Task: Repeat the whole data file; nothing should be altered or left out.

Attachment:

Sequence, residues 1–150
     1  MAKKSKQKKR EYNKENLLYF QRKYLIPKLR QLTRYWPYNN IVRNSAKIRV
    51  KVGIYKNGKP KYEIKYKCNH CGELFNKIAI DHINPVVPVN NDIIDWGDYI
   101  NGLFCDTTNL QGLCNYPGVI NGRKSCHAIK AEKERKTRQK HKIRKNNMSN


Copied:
Sequence, residues 1–150
     1  MAKKSKQKKR EYNKENLLYF QRKYLIPKLR QLTRYWPYNN IVRNSAKIRV
    51  KVGIYKNGKP KYEIKYKCNH CGELFNKIAI DHINPVVPVN NDIIDWGDYI
   101  NGLFCDTTNL QGLCNYPGVI NGRKSCHAIK AEKERKTRQK HKIRKNNMSN